“Salaried Members” of LLPs: re-categorisation of junior partners

After one of the more heated consultations in recent years, HM Revenue & Customs has now published revised guidance on the intended operation of the new “salaried members” rules, which counteract what the Government regards as “disguised employment” through the use of LLPs.  The revised guidance addresses some of the concerns raised, highlights HMRC’s highly prescriptive approach in respect of certain arrangements and still leaves some questions unanswered.

The salaried members provisions counteract what the Government regards as “disguised employment” through the use of LLPs.  The mischief which these are seeking to counter is the use of LLPs to avoid National Insurance contributions (NICs).  Members of UK LLPs are currently treated as self-employed by statute, unlike partners in general partnerships who may be treated as employees for tax purposes if, as a matter of general law, they are employees of the business rather than partners carrying on the business.  As a result, a number of businesses have set themselves up as LLPs so that relatively junior people, who would otherwise have been employees, could become LLP members and therefore self-employed, thereby saving the business a substantial amount of employers’ NICs.  However, inevitably the legislation appears to go further than its stated aim.

In light of the new proposed legislation (which will come into force with effect from 6 April 2014) many LLPs have been reviewing the terms of their agreements to assess whether any of their members will become “salaried members” and if so the best way to secure their self-employed status.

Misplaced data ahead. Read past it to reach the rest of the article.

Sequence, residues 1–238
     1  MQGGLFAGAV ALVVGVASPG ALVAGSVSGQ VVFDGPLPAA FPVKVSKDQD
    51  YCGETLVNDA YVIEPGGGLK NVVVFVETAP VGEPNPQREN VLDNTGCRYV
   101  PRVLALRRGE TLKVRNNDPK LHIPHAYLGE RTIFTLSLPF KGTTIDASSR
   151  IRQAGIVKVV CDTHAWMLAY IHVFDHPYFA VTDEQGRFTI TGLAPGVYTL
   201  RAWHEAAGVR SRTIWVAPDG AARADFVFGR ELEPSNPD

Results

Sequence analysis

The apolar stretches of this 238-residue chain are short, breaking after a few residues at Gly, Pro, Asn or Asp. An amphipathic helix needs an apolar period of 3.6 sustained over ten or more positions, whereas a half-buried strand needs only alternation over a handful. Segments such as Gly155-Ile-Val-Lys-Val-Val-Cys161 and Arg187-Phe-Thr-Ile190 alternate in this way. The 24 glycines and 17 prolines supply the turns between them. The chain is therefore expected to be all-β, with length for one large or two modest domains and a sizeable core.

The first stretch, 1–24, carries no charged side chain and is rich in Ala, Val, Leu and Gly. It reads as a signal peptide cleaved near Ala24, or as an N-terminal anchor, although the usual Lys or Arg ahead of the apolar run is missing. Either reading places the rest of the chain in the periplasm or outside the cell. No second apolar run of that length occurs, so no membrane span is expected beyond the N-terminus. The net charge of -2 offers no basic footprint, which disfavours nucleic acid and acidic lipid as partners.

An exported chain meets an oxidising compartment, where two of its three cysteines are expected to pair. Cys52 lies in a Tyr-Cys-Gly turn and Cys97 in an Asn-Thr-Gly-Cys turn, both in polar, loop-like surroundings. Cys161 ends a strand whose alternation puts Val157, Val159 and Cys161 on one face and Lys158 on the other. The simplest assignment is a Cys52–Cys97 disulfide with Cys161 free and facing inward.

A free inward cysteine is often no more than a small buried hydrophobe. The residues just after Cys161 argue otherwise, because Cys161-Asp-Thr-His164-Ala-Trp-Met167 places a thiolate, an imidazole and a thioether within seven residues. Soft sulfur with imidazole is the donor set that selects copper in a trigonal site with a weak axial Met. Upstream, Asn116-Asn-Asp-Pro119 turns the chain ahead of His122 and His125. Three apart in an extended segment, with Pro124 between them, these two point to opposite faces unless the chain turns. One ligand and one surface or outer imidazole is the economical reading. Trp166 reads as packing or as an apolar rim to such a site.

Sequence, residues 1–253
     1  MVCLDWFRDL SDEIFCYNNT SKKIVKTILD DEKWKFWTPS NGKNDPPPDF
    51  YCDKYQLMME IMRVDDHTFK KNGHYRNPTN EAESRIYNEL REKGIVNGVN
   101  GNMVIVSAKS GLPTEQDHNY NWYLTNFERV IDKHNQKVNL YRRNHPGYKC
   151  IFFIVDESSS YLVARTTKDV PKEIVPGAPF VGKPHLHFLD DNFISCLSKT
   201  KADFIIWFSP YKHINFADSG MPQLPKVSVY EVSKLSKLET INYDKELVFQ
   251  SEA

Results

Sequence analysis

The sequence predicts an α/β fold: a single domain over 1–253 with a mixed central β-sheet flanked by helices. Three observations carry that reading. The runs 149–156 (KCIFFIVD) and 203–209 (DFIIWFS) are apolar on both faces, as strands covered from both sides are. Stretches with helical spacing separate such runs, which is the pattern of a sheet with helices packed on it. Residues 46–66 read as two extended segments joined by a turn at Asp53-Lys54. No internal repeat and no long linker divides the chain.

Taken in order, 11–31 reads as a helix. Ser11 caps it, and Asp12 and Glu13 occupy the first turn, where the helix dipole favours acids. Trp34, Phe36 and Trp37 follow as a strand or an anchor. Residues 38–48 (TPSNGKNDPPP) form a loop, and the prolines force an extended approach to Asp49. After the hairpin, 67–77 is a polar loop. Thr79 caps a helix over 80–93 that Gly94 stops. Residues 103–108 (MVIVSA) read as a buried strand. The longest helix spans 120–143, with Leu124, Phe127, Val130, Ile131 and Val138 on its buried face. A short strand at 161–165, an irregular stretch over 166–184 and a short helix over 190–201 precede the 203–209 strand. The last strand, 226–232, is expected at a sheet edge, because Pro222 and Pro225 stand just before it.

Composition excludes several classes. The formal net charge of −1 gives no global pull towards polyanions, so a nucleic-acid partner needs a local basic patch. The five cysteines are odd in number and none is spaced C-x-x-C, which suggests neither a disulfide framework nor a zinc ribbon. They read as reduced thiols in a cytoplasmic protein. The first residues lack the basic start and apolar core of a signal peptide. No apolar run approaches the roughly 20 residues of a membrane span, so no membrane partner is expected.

The most certain method of securing self-employed status is by members increasing their capital contributions to not less than 25% of their “disguised salary” but this must be done using their own resources or external loan finance (not loans from the LLP itself).  It may also be possible to restructure the terms of their profit shares to ensure that there is sufficient link to the profits of the LLP as a whole, although this would have obvious impact on the LLP’s overall equity sharing arrangements and may be more challenging in larger or global structures.  A firm which has an established management committee is unlikely to want (or be able) to change its procedures to allow all members to have the level of substantial influence required to satisfy the “significant influence” condition.

This revised guidance will help resolve some of the areas of uncertainty, particularly the period of grace which will now be allowed for payment of capital contributions and the comfort given that the targeted anti-avoidance rules will not be applied to genuine capital contributions.  Also welcomed is the confirmation that the allocation of points to equity partners according to their performance will not cause re-characterisation provided the amount per point is determined by reference to the profits of the LLP as a whole.  However, it is unfortunate that HMRC will not recognise capital contributions to other members in a structure (such as parent LLPs in other jurisdictions) even if the UK LLP receives funding from that body and have also stated that where profits of an LLP are determined on a cost plus basis this will always result in the members having “disguised salaries” under the rules (and therefore being salaried members unless able to show they have significant influence or have made sufficient capital contributions).

See our more detailed summary of the proposed legislation and new guidance here.

The revised guidance issued on 21 February 2014 can be found here.

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